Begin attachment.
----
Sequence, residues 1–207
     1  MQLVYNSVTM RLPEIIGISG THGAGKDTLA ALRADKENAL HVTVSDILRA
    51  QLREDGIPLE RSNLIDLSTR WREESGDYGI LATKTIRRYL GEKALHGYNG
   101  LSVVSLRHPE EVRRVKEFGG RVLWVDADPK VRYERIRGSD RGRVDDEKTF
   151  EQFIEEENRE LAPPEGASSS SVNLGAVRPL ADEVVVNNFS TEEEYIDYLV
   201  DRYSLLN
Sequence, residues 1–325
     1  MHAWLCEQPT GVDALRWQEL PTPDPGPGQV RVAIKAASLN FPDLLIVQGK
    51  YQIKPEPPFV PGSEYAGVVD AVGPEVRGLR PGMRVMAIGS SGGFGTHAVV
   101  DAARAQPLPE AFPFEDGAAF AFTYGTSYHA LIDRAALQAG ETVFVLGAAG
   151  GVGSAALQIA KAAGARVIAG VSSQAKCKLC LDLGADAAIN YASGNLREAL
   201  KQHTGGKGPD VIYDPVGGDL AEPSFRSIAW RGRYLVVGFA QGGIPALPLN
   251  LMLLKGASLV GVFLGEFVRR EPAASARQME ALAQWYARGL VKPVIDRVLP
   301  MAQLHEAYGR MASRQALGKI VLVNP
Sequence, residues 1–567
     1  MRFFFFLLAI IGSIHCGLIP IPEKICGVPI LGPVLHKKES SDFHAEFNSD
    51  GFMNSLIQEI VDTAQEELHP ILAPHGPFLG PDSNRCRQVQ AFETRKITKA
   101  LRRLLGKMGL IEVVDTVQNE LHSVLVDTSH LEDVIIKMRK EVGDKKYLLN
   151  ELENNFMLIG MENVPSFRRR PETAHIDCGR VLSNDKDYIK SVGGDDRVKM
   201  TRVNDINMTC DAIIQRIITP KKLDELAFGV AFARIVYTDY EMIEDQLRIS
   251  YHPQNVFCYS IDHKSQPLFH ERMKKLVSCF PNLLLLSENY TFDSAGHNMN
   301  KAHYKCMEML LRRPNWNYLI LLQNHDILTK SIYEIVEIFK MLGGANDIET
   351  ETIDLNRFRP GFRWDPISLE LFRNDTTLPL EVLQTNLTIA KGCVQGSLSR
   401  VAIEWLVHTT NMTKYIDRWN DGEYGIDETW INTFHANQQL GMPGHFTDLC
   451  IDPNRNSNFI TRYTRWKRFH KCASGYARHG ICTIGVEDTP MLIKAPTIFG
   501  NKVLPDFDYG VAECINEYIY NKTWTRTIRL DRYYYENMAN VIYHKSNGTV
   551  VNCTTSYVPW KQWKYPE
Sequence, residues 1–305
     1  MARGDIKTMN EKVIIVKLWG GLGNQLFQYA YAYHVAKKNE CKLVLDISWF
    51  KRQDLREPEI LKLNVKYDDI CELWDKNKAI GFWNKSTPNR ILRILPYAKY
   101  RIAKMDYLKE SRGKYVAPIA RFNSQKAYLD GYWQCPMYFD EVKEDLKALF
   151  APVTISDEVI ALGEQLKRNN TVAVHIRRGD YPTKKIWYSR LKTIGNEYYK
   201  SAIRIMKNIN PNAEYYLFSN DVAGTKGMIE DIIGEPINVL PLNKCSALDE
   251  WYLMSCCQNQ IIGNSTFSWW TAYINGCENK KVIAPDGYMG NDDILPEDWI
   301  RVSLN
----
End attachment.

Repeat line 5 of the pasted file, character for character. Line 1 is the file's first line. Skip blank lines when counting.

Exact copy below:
   151  EQFIEEENRE LAPPEGASSS SVNLGAVRPL ADEVVVNNFS TEEEYIDYLV